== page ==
By: R Eric Ellison

Welcome back fight fans to another edition of “Statistically Speaking,” an article where we break down some of our favorite upcoming battles by the numbers. We dig down into all the stats, records, and achievements to see what they can shine on the fight nights that electrify time and again. Each contains three segments; The Wrap Sheet looks at each fighter individually, the Cross Examination compares the numbers, and The Winning Path takes all this and lays forth a possible road to victory.

Today we turn our sights on a very exciting heavyweight fight going down this weekend at UFC 181. No, I am not talking about Brendan Shaub Vs Travis Browne (that’s tomorrows edition), I’m instead referring to the next phase of Todd Duffee on the UFC heavyweight roster. Duffee, remembered as much for his eight second KO of Tim Hague as much as his sudden KO loss to Mike Russow, is set to reboot himself against a very dangerous and game Anthony Hamilton.

Join us tonight as we break this fight down, and come back all week as we dissect the best matches coming down the pipeline this weekend.


A lot of fight fans have no clue who Anthony Hamilton is, so let’s start with him. At 13-3, Hamilton brings a game recordinto his Octagon return, as well as a plethora of title experience. The guy is the current MFC, RR, and CageSport champion, and recently had a six fight win streak snapped. He lost his debut in the UFC, but rebounded at UFC 177 with a solid second round TKO. Half of his wins are via T/KO, and the rest a balanced mix of submission victories and wars that went to the cards. He boasts a near 90% accuracy with strikes in his UFC outings, and his defense and success with takedowns is not far behind. To say it mildly, Hamilton is very legit.

Todd Duffee is a beast, make no mistakes about that. Entering this weekends fight at 8-2-0, Duffee is one of those fighters that just seems to yet hit their full potential. Back in the UFC with another exciting knockout win under his belt, this next fight is all about building the momentum. All Duffee’s wins and losses are from knockout, which means it’s all or nothing when it comes to this heavyweight. Solid defensively, with high power and volume, Todd Duffee seems just a few answers away from the complete package. This fight will certainly continue to show us whether or not the massive beast man can hang with the best in the world at Heavyweight.


First up, let’s hit the striking head on, as it seems the biggest category to tackle. Both of these guys are big KO artists, with 14 knockout wins out of 21 between them. Each guy lands an average of about 25 strikes per round, which certainly is not bad in the heavy division. Where the line begins to blur is when it comes to the accuracy factor. Duffee is far from the most pinpoint striker, and FightMetric lists him as missing about 62% of his strikes. Compare this to Hamilton, who only wings about 16% of his. The big thing here with Duffee is that he wins ALL of his matches with big power. Anthony Hamilton is almost three times more accurate with his hands than Todd Duffee, however one punch is all you need when you’re Todd Duffee. This is huge when considering how these guys fight, and more importantly, how they win.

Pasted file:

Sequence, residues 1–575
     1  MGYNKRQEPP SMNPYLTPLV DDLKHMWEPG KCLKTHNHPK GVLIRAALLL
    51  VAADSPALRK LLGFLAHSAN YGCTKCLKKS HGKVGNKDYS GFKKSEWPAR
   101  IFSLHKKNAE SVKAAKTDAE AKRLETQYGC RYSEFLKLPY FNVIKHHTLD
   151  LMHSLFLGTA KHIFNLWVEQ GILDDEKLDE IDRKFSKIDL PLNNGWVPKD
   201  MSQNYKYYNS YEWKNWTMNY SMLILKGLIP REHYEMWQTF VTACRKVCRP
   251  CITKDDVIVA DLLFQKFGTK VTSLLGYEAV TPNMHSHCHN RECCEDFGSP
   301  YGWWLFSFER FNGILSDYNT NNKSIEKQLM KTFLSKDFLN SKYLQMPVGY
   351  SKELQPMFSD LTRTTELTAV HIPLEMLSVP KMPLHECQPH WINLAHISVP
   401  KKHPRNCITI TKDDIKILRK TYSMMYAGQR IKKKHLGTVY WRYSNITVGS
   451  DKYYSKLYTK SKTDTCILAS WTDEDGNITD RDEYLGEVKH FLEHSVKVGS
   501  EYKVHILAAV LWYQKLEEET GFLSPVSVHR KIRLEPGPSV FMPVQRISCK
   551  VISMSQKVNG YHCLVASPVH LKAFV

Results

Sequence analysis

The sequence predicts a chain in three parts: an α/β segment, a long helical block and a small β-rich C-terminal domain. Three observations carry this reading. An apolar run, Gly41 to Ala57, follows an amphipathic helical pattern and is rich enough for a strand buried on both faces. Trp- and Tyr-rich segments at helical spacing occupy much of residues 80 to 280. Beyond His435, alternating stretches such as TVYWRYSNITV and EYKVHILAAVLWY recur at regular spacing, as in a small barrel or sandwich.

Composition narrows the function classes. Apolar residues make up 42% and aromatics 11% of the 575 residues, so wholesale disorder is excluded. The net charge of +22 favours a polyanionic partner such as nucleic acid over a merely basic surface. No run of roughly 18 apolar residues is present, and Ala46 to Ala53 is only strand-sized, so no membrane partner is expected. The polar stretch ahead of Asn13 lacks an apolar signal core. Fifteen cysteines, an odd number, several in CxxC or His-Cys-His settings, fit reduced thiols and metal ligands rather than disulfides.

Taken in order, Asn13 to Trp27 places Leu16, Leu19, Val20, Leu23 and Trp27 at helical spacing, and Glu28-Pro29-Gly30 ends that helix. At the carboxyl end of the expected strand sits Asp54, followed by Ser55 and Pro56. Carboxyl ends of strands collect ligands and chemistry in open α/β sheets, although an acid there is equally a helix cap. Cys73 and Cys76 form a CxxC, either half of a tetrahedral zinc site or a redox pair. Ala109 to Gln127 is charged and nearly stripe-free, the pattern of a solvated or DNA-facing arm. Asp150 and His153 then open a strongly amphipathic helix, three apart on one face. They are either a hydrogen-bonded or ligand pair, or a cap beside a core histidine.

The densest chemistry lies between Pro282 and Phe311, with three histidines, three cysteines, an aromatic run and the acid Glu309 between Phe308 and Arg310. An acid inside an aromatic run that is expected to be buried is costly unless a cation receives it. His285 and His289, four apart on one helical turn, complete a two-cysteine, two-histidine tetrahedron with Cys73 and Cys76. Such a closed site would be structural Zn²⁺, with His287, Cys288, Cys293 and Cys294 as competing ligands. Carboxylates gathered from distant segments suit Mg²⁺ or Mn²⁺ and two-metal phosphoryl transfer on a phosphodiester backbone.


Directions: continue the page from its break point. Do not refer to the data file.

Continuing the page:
When the fight hits the canvas, we again run into some very interesting figures. I do not believe Duffee has ever even tried to take anyone down in the Octagon. Balancing this curious fact is his takedown defense, which stands at 93%. So although he isn’t taking anyone down, he himself does an amazing job of staying on his own feet. Compare this toAnthony Hamilton, who is a little more varied in his MMA approach. Hamilton boasts a 71% takedown accuracy andback that up with only being taken down about 15% of the time. Much like the striking stats above, once you see the whole picture on the mat, Duffee is at a noticeable disadvantage.


Tons of UFC fans know Todd Duffee, and the exact opposite can be said of Washington’s Anthony Hamilton. However that all may change this weekend at UFC 181 if these statistics are any indication. Anthony brings a much more rounded game to the table, standing and on the canvas. The question will be whether or not he decides to try and make this a ground war, or take his chances on the feet. Anthony has many ways to take this fight, probably with a wrestling-based strategy for the most effect. He has the groundwork and the submissions in his favor, and the chasm between his effectiveness on the mat and Duffee’s is quite large. Anthonys credentials and wins in areas outside striking make the impact on this fight huge. Hamilton will have more options as long as the first few Duffee haymakers don’t send him into oblivion.

Todd Duffee needs to make this fight an absolute war. He needs to suck Hamilton in to a dog fight, and never let off the gas. The longer the fight continues, the more his power and size will begin to fall away as influences. Once the fatigue hits, Hamilton will no doubt put Duffee on the ground much easier. If he hurts, wobbles, or stuns Hamilton he has to dive on it. With such one punch KO power, Duffee needs to pick his moments and make them count for all it’s worth when they come. He cannot risk big mistakes and sloppy work inside the cage. Duffee has all the tools to own this fight and it’s not to say Duffee’s chances are small, because his knockout power can make or break any fight, but he certainly has a much tougher fight on his hands than many MMA fans realize.


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